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01-11-2014 | Uitgave 9/2014

Quality of Life Research 9/2014

Measurement of stable changes of self-management skills after rehabilitation: a latent state–trait analysis of the Health Education Impact Questionnaire (heiQ™)

Quality of Life Research > Uitgave 9/2014
M. Schuler, G. Musekamp, J. Bengel, M. Schwarze, K. Spanier, Chr. Gutenbrunner, I. Ehlebracht-König, S. Nolte, R. H. Osborne, H. Faller
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Electronic supplementary material

The online version of this article (doi:10.​1007/​s11136-014-0693-9) contains supplementary material, which is available to authorized users.



To assess stable effects of self-management programs, measurement instruments should primarily capture the attributes of interest, for example, the self-management skills of the measured persons. However, measurements of psychological constructs are always influenced by both aspects of the situation (states) and aspects of the person (traits). This study tests whether the Health Education Impact Questionnaire (heiQ™), an instrument assessing a wide range of proximal outcomes of self-management programs, is primarily influenced by person factors instead of situational factors. Furthermore, measurement invariance over time, changes in traits and predictors of change for each heiQ™ scale were examined.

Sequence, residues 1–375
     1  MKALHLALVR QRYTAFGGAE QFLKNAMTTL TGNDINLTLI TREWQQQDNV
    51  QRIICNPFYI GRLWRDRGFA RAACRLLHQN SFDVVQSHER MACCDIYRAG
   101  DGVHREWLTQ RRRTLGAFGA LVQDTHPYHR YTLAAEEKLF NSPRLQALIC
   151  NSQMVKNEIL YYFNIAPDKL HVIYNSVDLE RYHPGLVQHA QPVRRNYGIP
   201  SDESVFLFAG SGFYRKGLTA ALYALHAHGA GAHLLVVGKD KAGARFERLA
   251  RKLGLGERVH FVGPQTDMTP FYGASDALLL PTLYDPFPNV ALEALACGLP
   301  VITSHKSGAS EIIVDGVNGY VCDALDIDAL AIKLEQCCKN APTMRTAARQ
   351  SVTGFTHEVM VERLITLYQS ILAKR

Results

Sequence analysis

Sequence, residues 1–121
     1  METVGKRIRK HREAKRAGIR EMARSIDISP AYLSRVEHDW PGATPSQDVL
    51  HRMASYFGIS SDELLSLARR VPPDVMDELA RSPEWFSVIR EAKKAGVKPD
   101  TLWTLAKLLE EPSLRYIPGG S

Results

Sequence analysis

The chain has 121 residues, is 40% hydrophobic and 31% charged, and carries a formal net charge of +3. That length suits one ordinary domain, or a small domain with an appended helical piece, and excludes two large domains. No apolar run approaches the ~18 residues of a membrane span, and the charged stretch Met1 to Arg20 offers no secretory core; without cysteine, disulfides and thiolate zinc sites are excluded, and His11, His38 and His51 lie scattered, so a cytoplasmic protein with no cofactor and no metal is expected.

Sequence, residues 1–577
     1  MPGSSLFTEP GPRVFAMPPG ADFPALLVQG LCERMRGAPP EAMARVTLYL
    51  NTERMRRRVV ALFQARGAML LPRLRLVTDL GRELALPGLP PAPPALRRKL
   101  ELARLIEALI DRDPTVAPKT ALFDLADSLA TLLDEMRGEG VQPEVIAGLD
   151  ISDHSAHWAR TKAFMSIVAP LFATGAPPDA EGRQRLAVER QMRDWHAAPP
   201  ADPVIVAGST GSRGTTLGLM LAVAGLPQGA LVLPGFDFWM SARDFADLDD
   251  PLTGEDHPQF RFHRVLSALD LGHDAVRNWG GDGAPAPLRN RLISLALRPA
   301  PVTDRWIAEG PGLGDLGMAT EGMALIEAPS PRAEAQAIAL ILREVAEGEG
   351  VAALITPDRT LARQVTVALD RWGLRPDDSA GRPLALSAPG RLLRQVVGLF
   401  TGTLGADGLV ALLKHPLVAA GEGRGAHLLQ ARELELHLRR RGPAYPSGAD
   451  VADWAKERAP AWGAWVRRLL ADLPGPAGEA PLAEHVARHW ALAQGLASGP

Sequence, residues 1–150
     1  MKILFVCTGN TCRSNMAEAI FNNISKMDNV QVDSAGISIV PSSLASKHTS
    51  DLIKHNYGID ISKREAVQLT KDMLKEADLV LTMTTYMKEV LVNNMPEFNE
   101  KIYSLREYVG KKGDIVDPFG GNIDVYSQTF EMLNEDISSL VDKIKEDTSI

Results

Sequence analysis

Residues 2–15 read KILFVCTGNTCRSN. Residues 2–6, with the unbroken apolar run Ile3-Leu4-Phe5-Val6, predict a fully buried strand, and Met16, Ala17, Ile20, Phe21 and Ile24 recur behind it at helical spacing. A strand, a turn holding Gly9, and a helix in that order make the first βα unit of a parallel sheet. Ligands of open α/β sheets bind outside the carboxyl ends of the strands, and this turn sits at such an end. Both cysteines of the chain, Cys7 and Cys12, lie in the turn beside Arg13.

Subjects were N = 580 patients with rheumatism, asthma, orthopedic conditions or inflammatory bowel disease, who filled out the heiQ™ at the beginning, the end of and 3 months after a disease-specific inpatient rehabilitation program in Germany. Structural equation modeling techniques were used to estimate latent trait-change models and test for measurement invariance in each heiQ™ scale. Coefficients of consistency, occasion specificity and reliability were computed.


All scales showed scalar invariance over time. Reliability coefficients were high (0.80–0.94), and consistency coefficients (0.49–0.79) were always substantially higher than occasion specificity coefficients (0.14–0.38), indicating that the heiQ™ scales primarily capture person factors. Trait-changes with small to medium effect sizes were shown in five scales and were affected by sex, age and diagnostic group.


The heiQ™ can be used to assess stable effects in important outcomes of self-management programs over time, e.g., changes in self-management skills or emotional well-being.

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Supplementary material 1 (DOCX 27 kb)
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